Iron-Deficiency Anemia: Symptoms, Treatments and Causes
Anemia is a common illness, but it’s also very debilitating. Many suffer in silence without realizing their seemingly common symptoms are due to anemia. If you’re experiencing any of the following, it might be time to speak to a doctor.
Iron is a mineral that plays a vital role in health and well-being. Without it, many bodily functions would malfunction. Iron is an important component of hemoglobin, the protein in red blood cells that carries oxygen from the lungs and transports it throughout the body.
If your body doesn't have enough iron, it cannot produce enough healthy oxygen-carrying red blood cells. Iron deficiency can cause anemia, which means you have too little hemoglobin.
Insufficient iron levels can wreak havoc all over the body. Here are seven surprising signs you may have iron deficiency.
1. Extreme fatigue and exhaustion
Fatigue is one of the most common signs of iron deficiency because it means your body is having trouble carrying the oxygen to your cells so it’s affecting your energy levels. People lacking enough iron in their blood often feel sluggish, weak, and unable to focus. Though fatigue can be the sign of numerous conditions, if it does not go away with adequate rest, consider having your iron levels checked.
2. Frequent infections
Iron plays a key role in a healthy immune system, so lower levels of the mineral can make someone more susceptible to infections. Red blood cells help to transport oxygen to the spleen, which is one place where infections can be fought off. Red blood cells also carry oxygen to the lymph nodes, which house infection-fighting white blood cells.
When someone has an iron deficiency, the white blood cells aren’t being produced as well, and they’re not as strong because they’re not getting enough oxygen, making that person more susceptible to infections.
3. Pale skin
Hemoglobin gives skin its rosy color, so low levels cause the skin to become lighter. When red blood cells become low in iron, they become smaller and paler in the center so skin also becomes paler. This may be easier to detect in people with lighter complexions, but no matter what your skin tone, if the area inside your bottom eyelid is lighter than normal, this may be a sign of iron deficiency.
4. Swollen tongue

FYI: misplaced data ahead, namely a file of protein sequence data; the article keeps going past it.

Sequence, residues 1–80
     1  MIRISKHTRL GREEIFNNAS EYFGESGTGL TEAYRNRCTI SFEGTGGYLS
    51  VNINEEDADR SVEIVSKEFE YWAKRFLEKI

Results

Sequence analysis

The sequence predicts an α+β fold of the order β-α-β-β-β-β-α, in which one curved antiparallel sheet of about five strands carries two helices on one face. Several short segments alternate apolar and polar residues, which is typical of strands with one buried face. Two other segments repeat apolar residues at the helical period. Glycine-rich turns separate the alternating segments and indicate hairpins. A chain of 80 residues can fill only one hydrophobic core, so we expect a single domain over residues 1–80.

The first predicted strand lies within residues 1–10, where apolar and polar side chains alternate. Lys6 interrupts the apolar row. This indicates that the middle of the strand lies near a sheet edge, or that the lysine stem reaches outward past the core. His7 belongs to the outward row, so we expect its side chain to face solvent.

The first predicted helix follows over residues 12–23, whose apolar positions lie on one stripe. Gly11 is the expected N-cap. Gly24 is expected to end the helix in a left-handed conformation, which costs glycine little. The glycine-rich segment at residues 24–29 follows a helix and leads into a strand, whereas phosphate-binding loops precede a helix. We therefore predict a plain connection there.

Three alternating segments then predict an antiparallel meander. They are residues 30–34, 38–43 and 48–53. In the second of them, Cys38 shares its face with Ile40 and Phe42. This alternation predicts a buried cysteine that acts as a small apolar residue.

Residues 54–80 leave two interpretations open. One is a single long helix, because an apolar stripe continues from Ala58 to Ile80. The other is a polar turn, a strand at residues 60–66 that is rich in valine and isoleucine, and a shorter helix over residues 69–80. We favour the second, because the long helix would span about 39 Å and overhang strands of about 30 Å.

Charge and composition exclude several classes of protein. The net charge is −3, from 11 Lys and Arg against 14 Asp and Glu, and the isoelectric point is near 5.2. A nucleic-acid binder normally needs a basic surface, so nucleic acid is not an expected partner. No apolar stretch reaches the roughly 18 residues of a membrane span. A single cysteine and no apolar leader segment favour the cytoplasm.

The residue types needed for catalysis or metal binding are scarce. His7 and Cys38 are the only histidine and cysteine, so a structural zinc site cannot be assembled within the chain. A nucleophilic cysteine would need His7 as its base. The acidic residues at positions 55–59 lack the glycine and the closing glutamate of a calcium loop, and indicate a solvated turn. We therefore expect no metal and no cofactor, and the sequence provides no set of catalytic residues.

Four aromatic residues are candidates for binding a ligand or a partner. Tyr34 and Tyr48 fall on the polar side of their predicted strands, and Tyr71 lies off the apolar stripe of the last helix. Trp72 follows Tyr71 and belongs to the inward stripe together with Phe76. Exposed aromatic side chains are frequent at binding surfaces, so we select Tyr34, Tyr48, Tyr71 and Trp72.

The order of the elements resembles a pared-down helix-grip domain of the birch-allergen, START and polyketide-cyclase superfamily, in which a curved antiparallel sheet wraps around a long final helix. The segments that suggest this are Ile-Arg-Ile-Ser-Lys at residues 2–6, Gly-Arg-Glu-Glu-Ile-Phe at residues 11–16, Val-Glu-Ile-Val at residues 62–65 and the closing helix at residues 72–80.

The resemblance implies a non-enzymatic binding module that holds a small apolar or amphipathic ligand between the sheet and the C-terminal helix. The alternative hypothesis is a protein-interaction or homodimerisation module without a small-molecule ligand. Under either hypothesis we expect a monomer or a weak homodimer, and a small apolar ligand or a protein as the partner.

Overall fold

Changes to your tongue, including soreness or swelling, can be a sign of iron deficiency. Cracks on the side of the mouth are also common among people with iron deficiency.
5. Restless Legs Syndrome
Some people who have iron deficiency develop restless legs syndrome, a disorder that causes you to have a strong urge to move your legs. The urge often comes with an unpleasant, crawling sensation in the legs that can make it hard to sleep.
People with iron deficiency may develop cravings for non-food substances, such as clay, dirt, or chalk, a condition known as pica. However, submitting to your cravings and eating these substances could be harmful, as it may lead to the ingestion of harmful toxins and substances. Eating clay, chalk, and dirt can actually interfere with absorption of iron.
7. Hair loss
Iron deficiency, especially when it develops into anemia, can cause hair loss. When hair follicles don’t get enough oxygen, they go into a resting stage, and hair falls out and doesn’t grow back until anemia is improved. It is normal to lose about 100 strands of hair per day. However, if you notice your hair loss is excessive and it is not growing back, this may be a sign of iron deficiency.
What are common signs of iron-deficiency anemia?
Some common signs you may have this condition include:
- Your nails are brittle or spoon. This is a condition called koilonychia. Your nails look concave, like spoons, instead of growing flat
- You have cracks at the corners of your mouth
- You have pale skin, or your skin is paler than usual
- Your tongue hurts or feels sore
- Your hands feel cold to others
If you’re experiencing these symptoms and think you may be iron deficient, speak to your doctor or Visit ER of Texas's closest emergency rooms. We can help you get to the root cause of your iron deficiency, find ways to include more iron-rich foods in your diet, and determine whether you need to take supplemental iron.
Our ER is open 24/7 to help treat and diagnose minor and major emergencies. Our board-certified physicians are available 24 hours.